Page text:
RNLI Spirit: How One Volunteer Overcame Tragedy to Return to the Sea
Tam Fyall’s (59) love affair with the sea started aged 11 with a fishing trip aboard his father’s boat enjoying the waters of the Firth of Forth off the east coast of Scotland. Little did he know that the very thing he fell in love with would take his friends and colleagues in the cruellest of ways
Battling force 10 and 11 gales one October night in 2006, pair trawlers The Meridian and Duthies II were on duty guarding a section of pipeline under construction some 160 miles east of Aberdeen. Aboard the Duthies II was Tam who normally sailed aboard The Meridian but was asked to take charge of The Duthies II that night to cover an absent crew member’s holiday.
At around 10:30pm and with the boats approximately 12 miles apart, Tam received a call from the UK Coastguard to say that The Meridian Emergency Position Indication Radio Beacon (EPIRB) had been activated and they could not make contact. Tam tried to reach his colleagues on the radio but to no avail. He and his crew proceeded immediately to their last known position.
An intensive search took place throughout the night with search and rescue personnel from the air and sea swarming to the scene to help locate the trawler and her four crew members.
Tam and his crew were reluctantly stood down from their search and sent back to Peterhead harbour. As they embarked on the long sail back, the news they all had dreaded sadly filtered through to them. A body had been recovered.
Having not slept in days, Tam reluctantly agreed to head to bed where he closed his eyes on the most sombre trip back to Peterhead harbour. He recalls being suddenly awoken with what felt like the boat going over. Tam dashed up to the deck only to find the sea in the most calm and peaceful of states. His confidence was shattered and unimaginable grief had overcome him. On arrival back in the harbour, he dumped his gear in a skip and vowed never to set sail again. His relationship with the sea was over.
The search continued over the coming days but sadly nothing was found - a tragic loss to the local community and the Scottish Fishing Industry.
Tam battled Post Traumatic Stress Disorder and struggled to overcome the loss. In 2007, he felt the time was right to get back into work. The role as Harbour Master in neighbouring Pittenweem came up and Tam was successful in his application.
Based onshore, Tam took charge of the day to day running of a busy port of prawn and creel fishermen.
It was soon after Tam got to grips with this new career that his cousin and former Anstruther Lifeboat Second Coxswain Alex Purves discussed the possibility of Tam volunteering in shore based roles of Deputy Launch Authority and Sea Safety Officer at Anstruther RNLI. This was a real challenge for Tam as it would mean talking about safety on the seas that claimed those closest to him.
After a couple of years volunteering ashore, Tam was asked if he would apply his knowledge of the sea afloat as a crew member. Realising he had the chance to make a difference, Tam took the immensely brave decision to join as a crew member aboard Anstruther lifeboat.
Talking about his decision, Tam said: ‘After volunteering with the RNLI in a shore based position, I was asked if I would become a part of the boat crew. I want to help and make a difference as I have seen how perilous the sea can be. I could see how important the RNLI is in the local community and how close the team at Anstruther are. Being part of a close team was what I was used to.’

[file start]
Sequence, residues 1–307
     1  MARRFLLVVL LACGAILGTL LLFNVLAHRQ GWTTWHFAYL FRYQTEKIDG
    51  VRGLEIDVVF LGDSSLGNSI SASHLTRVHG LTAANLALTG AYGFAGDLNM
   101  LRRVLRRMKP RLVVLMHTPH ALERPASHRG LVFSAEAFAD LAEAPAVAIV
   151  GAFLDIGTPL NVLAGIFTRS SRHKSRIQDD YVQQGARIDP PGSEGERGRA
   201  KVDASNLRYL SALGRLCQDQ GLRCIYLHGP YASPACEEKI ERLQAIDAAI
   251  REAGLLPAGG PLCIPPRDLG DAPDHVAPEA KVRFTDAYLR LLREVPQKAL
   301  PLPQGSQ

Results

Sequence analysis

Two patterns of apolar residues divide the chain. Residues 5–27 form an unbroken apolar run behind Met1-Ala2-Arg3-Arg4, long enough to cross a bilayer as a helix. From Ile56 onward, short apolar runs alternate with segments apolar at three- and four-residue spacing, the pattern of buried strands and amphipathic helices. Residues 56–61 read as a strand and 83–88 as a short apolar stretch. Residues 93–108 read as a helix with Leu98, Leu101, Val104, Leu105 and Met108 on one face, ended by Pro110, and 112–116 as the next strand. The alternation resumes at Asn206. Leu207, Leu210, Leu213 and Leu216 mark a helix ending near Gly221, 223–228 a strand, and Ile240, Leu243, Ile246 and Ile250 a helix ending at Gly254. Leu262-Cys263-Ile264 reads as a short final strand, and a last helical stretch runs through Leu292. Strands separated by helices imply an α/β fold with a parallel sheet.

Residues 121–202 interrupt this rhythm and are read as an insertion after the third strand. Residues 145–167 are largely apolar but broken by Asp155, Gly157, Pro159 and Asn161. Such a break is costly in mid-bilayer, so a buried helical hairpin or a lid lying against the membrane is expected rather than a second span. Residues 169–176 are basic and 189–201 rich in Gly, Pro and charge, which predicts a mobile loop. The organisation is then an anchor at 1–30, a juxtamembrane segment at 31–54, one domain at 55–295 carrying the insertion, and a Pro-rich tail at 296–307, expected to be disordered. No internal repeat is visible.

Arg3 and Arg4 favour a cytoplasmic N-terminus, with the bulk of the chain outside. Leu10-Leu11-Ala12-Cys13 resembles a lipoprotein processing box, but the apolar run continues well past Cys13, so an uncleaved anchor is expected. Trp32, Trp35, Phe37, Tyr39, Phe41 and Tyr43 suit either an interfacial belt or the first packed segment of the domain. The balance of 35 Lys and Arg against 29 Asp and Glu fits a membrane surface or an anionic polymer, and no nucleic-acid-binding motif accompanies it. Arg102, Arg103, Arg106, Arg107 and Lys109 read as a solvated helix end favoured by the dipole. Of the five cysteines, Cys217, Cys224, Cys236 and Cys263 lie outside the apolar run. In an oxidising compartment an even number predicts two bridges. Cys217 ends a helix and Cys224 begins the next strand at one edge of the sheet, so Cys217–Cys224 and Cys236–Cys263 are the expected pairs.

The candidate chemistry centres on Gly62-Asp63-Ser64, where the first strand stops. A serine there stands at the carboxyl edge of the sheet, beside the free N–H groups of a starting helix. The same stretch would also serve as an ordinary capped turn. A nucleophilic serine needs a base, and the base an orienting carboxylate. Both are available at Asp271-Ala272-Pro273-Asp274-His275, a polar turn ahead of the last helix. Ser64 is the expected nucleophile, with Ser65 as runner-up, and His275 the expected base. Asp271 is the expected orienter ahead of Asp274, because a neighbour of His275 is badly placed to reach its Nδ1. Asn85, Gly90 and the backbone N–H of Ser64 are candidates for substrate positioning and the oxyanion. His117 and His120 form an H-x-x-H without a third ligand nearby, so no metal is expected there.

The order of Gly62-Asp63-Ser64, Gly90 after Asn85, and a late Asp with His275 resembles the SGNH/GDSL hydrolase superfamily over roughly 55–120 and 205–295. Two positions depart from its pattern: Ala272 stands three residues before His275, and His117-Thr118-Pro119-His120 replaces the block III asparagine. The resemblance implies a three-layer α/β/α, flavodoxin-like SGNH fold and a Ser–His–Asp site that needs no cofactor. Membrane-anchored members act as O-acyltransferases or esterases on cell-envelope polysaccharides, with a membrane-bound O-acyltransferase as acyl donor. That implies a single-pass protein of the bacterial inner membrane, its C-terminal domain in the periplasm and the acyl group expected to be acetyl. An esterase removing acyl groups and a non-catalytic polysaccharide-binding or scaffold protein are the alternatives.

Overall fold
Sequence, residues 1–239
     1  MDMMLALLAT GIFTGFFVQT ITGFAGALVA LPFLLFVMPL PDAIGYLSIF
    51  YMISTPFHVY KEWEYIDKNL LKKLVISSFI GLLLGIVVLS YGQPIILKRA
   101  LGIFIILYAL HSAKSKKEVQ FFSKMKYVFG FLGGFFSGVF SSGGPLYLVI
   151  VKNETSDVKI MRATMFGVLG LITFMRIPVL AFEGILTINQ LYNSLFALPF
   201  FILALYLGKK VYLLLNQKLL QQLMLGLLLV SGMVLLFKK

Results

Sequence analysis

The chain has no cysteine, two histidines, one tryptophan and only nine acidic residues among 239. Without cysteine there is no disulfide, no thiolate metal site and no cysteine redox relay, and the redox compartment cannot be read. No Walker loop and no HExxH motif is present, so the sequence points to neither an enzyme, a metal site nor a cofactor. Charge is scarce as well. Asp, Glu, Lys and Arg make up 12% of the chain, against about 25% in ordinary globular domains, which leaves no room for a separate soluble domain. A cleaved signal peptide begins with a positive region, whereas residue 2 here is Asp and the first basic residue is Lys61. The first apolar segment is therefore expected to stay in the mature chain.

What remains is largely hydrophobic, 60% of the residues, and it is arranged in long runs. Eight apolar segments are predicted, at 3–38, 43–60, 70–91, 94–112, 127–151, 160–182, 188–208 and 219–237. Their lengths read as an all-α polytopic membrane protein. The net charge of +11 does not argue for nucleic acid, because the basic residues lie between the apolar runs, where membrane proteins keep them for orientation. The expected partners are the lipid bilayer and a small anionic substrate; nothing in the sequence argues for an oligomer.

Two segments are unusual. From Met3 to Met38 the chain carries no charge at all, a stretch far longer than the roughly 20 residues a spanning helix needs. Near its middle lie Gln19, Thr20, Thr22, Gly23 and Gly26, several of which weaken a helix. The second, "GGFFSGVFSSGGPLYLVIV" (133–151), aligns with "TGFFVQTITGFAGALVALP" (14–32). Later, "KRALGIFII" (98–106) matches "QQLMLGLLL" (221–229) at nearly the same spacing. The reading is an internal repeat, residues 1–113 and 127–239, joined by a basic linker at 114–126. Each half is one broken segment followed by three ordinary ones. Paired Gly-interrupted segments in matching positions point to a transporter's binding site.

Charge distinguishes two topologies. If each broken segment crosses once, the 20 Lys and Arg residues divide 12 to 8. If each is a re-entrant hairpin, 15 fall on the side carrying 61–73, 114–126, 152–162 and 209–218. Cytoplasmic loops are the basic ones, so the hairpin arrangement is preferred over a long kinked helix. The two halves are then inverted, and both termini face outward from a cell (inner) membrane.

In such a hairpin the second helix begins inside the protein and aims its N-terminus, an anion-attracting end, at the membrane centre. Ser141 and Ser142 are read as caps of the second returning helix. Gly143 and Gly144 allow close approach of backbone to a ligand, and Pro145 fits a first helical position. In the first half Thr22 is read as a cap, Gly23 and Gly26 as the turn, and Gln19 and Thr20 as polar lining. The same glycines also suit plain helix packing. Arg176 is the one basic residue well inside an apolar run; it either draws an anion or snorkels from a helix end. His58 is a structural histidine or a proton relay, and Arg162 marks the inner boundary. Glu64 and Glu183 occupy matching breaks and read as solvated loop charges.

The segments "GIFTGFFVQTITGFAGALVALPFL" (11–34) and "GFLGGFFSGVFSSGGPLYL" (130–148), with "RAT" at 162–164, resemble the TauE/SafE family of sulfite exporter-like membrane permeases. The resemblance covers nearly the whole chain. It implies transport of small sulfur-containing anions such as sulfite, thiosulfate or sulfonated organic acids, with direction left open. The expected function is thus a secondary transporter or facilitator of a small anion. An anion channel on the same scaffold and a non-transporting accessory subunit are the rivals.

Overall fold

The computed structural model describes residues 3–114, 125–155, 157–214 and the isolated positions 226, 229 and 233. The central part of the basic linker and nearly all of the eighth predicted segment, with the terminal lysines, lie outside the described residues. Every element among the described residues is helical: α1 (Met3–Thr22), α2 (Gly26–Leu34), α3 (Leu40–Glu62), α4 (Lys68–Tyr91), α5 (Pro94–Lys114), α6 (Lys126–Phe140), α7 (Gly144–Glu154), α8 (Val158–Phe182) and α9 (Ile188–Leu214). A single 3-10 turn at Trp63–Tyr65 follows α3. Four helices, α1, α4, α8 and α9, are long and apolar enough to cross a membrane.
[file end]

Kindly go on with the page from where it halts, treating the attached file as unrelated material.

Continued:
‘We had such a great team aboard the Meridian and Duthies II that was sadly taken from us. I will never forget Martin, Edward, Ian and Sidney and I am sure they would support me in taking up a role with the RNLI.’
Tam has since moved jobs to work in Anstruther where he oversees a busy leisure port. ‘I still find myself preaching to seafarers on safety, lifejackets and planning. They know to inform me of their intentions before setting sail and when I should expect them back in Anstruther. I have also encouraged the need to take that time to plan before they set off on any trips.’
Tam has now progressed to Deputy Second Coxswain at Anstruther Lifeboat Station. Dedicating his weekdays and evenings to training, Tam also takes duty charge of the 12 metre all-weather lifeboat vessel one weekend a month to lead a crew should they be requested to respond.
‘On coming back into Peterhead that morning in 2006, I never envisaged I would take charge of a lifeboat and her crew at the drop of a hat’, Tam commented. ‘The level of training and commitment given by the RNLI crew has helped me overcome my fears and I have my confidence back.’
With over 300 call outs since Tam took the step to go afloat with Anstruther RNLI back in 2009, Tam has epitomised the RNLI’s value of courage and overcome the challenges he has faced.
What happened that night back in 2006 will always live with him and he takes the memories of his former crew mates with him in each time he boards the lifeboat to help those in need.
Notes to the editor:
PHOTO CREDIT – Sean Malyon Photography
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Key facts about the RNLI
The RNLI charity saves lives at sea. Its volunteers provide a 24-hour search and rescue service around the United Kingdom and Republic of Ireland coasts. The RNLI operates over 238 lifeboat stations in the UK and Ireland and, in a normal year, more than 240 lifeguard units on beaches around the UK and Channel Islands. The RNLI is independent of Coastguard and government and depends on voluntary donations and legacies to maintain its rescue service. Since the RNLI was founded in 1824, its lifeboat crews and lifeguards have saved over 142,700 lives.